A Survival Guide to Archival Research
Barbara Heck, Elizabeth Preston, and Bill Svec, December 2004
Advanced preparations help your archive research experience to be efficient, fun, and less daunting. Here are some tips to help both neophytes and the experienced in their quests for primary sources.
Use your people skills. Establish an excellent relationship with the reference person or archivist. Remember their names. After a while, you begin to know who knows what about what.
Learn the archives' photocopying policies before you even begin your research. Know the costs, procedures, forms, restrictions, and timeframe. Delays, fees, and frustration can accumulate if they do copy outsourcing or if sensitive materials require professional handling. All necessary details in determining whether your research gems should be hand-scribed or conveniently copied. Planning ahead can save time (even money) in the archives.
Bring quarters, the preferred currency of most machines, for making copies from the self-serve copier, copies from the microfiche reader, or even parking meters; cash for other copying needs.
Bring pencils and erasers. Archives do not allow pens due to the possibility of ink leakage. Leave your ballpoint pen at home and bring the old #2 pencil.
Bring snacks, particularly if there are no vending machines or convenient stores nearby. Snack bars, raisins, and fruit provide much-needed energy and keep growling stomachs from annoying others. Snacks must be eaten outside of the research room, though. No chocolate messes on the manuscripts.
You may encounter documents with rusty staples and fasteners. Bring Neosporin and Band-Aids. Some nasty files will make you wish you had that tetanus booster.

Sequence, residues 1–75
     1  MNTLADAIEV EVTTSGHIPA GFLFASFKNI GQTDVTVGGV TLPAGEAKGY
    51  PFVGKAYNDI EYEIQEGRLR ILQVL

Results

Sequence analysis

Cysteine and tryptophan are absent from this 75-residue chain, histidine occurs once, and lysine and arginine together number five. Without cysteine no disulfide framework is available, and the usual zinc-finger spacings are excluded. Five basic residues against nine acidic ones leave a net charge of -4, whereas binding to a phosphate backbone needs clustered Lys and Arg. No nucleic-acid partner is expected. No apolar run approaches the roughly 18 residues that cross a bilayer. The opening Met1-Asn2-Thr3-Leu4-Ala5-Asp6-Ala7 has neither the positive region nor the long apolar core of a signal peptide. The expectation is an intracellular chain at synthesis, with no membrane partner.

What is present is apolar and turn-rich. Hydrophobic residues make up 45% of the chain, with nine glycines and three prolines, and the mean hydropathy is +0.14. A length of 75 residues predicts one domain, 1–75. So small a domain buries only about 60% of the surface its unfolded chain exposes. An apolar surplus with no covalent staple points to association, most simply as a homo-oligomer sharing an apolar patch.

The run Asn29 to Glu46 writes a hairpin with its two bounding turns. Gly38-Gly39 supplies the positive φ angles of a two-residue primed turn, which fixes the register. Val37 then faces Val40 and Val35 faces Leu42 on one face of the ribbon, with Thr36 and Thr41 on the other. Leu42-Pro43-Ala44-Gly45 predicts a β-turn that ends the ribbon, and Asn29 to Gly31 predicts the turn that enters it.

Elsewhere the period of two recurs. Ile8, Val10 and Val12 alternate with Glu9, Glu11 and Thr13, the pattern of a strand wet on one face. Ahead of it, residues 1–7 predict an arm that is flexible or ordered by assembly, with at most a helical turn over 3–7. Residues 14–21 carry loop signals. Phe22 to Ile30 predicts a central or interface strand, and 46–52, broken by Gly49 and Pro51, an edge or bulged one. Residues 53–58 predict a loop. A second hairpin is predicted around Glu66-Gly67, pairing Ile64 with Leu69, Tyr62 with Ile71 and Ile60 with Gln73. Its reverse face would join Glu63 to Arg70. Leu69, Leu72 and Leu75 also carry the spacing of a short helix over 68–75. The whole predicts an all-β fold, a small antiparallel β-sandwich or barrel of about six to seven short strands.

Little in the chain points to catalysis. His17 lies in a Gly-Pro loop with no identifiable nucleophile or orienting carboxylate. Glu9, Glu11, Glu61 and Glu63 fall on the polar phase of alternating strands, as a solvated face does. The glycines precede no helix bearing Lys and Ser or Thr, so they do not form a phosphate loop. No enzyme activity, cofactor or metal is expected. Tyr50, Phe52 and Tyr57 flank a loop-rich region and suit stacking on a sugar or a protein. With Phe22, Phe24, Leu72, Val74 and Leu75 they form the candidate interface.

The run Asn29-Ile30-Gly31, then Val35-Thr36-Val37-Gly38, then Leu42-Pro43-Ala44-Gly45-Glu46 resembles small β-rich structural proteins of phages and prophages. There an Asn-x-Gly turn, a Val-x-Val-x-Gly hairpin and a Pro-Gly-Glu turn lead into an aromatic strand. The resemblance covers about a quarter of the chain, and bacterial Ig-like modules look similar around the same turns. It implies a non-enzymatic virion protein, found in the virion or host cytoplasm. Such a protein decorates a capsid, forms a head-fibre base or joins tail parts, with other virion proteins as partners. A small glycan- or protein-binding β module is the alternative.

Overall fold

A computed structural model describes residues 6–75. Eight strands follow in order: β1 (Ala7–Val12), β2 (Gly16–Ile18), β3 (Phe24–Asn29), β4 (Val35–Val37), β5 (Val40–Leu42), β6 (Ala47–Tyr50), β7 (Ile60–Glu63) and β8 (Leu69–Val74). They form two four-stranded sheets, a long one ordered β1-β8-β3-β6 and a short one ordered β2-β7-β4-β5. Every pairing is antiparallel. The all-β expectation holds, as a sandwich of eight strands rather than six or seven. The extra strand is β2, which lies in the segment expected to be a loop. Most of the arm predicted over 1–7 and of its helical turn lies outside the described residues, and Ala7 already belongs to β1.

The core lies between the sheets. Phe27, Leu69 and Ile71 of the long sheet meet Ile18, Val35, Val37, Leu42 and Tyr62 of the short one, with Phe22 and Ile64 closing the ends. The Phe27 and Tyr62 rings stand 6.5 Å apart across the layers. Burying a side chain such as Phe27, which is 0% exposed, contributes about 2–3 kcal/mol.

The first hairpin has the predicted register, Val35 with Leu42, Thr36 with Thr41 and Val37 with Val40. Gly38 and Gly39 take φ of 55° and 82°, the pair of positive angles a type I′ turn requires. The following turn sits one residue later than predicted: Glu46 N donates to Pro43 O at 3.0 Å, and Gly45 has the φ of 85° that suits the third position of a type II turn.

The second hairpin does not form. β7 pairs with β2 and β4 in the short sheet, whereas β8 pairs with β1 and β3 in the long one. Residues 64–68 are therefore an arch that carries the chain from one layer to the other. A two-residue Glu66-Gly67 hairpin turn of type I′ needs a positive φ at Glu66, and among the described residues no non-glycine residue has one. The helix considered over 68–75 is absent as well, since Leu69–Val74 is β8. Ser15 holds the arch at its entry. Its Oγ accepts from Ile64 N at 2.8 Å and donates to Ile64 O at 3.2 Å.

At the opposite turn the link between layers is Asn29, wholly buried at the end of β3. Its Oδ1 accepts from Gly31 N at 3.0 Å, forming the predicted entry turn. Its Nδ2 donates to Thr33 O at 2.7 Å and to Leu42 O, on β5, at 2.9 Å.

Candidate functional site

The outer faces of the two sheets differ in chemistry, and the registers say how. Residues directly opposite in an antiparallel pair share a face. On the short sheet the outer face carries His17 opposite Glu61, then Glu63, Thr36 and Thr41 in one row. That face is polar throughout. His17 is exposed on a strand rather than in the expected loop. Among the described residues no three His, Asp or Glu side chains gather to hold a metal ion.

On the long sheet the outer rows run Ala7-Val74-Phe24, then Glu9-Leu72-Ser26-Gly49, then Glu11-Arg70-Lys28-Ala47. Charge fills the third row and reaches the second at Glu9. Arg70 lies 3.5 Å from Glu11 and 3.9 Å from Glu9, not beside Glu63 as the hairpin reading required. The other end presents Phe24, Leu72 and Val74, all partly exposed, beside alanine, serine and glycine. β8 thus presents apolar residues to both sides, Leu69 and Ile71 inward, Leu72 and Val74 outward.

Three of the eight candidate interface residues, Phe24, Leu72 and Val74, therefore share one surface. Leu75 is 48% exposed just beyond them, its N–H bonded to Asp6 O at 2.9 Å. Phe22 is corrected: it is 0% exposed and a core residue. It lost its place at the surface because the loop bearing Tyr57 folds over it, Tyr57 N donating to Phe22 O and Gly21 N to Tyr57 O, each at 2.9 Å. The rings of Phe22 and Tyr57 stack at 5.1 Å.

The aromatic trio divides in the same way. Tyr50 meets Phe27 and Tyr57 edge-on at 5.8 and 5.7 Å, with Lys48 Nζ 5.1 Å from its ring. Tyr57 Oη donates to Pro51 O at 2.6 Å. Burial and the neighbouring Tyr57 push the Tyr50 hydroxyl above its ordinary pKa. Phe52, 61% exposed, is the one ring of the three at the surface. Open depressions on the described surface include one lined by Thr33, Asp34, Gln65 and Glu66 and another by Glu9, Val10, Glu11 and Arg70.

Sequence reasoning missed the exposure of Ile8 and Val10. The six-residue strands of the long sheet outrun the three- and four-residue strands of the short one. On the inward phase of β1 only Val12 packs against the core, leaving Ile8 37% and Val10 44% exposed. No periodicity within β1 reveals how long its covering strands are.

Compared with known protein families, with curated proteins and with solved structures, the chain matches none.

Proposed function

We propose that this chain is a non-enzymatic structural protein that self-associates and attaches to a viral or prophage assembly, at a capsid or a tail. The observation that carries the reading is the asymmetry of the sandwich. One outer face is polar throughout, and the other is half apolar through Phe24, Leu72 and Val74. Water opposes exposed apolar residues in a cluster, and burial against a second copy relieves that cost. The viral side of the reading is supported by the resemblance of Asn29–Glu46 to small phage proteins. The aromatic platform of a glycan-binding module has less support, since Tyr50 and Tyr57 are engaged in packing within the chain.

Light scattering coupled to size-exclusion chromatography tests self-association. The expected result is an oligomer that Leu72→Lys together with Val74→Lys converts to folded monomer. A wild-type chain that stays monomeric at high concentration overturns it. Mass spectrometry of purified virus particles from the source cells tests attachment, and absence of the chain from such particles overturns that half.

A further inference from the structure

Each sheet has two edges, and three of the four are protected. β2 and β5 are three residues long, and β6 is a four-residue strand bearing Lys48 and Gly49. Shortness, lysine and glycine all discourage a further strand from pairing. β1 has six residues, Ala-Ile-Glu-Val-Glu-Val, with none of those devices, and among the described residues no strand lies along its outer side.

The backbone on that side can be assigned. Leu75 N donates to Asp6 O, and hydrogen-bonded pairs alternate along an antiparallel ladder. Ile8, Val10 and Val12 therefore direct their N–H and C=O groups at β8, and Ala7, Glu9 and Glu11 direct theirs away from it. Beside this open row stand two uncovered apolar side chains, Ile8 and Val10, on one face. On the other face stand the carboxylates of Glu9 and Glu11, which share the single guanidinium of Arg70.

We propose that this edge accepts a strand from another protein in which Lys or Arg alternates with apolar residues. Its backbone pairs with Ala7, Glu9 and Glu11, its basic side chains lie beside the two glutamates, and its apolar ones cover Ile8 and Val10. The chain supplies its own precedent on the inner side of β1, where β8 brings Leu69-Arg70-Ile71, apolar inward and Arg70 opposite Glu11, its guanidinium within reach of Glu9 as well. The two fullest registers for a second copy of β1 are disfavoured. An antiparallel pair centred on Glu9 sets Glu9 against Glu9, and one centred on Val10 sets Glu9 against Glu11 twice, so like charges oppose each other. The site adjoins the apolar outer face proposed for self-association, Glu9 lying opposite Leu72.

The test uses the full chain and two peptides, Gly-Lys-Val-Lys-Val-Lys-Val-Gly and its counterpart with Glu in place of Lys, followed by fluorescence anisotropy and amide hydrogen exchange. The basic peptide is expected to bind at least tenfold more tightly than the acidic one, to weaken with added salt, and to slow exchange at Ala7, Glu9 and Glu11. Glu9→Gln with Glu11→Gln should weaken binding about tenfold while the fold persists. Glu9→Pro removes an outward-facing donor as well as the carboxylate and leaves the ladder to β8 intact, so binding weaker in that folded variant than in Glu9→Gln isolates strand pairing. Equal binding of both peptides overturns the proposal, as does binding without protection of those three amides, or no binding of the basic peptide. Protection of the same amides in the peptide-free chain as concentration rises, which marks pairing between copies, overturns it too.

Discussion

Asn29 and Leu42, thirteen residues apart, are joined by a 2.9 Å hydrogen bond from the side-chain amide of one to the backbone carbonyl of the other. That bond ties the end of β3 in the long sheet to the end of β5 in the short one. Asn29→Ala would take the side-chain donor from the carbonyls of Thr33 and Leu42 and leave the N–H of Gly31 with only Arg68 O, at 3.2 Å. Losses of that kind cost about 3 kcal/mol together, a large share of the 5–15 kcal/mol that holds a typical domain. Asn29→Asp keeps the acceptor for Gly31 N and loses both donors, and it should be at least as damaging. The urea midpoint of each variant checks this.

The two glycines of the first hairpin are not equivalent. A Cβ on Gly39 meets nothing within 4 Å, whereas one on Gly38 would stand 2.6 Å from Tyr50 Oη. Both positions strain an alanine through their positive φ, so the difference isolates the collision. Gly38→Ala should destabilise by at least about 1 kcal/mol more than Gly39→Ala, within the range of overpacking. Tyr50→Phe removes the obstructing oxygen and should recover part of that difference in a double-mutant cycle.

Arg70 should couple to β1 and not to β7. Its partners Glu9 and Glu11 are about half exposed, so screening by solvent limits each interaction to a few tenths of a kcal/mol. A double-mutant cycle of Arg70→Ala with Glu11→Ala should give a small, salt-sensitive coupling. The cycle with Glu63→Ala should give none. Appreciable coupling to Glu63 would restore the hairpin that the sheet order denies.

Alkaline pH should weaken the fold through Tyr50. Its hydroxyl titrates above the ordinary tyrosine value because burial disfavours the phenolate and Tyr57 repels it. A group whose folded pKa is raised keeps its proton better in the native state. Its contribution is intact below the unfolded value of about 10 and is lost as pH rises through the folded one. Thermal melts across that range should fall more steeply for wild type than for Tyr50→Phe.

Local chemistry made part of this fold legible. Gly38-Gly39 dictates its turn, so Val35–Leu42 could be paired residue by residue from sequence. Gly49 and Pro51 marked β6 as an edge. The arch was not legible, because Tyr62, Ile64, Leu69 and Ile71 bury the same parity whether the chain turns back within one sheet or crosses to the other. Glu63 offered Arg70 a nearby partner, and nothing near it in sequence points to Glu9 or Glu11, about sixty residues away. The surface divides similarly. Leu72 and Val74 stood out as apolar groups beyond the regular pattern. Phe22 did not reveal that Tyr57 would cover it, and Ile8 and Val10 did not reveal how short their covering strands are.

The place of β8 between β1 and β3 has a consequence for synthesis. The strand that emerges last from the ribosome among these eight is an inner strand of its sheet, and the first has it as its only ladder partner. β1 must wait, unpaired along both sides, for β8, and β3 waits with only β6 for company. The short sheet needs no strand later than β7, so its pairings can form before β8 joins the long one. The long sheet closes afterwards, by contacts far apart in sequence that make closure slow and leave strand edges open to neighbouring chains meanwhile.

Plan on eyestrain and headaches. Reading microfiche can induce a form of snow-blindness. Bring your favorite headache medicine.
Bring a magnifying glass: hand-held or eyeglass type. Indispensable for those of us who are middle-aged and need longer arms to read, and helpful even to younger eyes if the copy is faint.
Archives can be dusty, and may induce allergy attacks. Bring a decongestant. (Non-drowsy is recommended,; like hunger in point #5, snoring may annoy other patrons.) Depending on the archive material, a dust mask may be warranted. A fashion faux pas but effective.
Documents can be dirty and drying. After a few hours working with them, your skin begins to feel like some of the older documents, dry and cracking. Pack some waterless cleaning packets and/or hand lotion. After a few hours, your skin begins to feel like some of the older documents, dry and cracking.
Many repositories (especially those located in universities) allow researchers to bring their laptops into the search room, provided they can physically search the computer as the researcher leaves (evidently, documents have had a funny way of ending up in the strangest places on a laptop).
Leave valuables at home. Archives typically require that bags, purses, computer cases, etc., remain outside of the archive room. Your choice, but we wouldn't trust bringing our laptops. Caution and wariness should apply to both our research and to our stuff.
Check the hours of the repository before you arrive. Many small institutions close for an hour at lunch, are only open a few days each week, require appointments, or otherwise keep odd hours. Some even require submission of requests for materials a day in advance of your arrival. Surprises are not fun when they are inconvenient.
If the repository has a web site, thoroughly review it in advance. Most sites state hours, rules, and have contact information. Of course, take advantage of any online finding aids and pathfinders for preliminary, or even in-depth, research.
— Barbara Heck, Elizabeth Preston, and Bill Svec, are public history graduate students at North Carolina State University.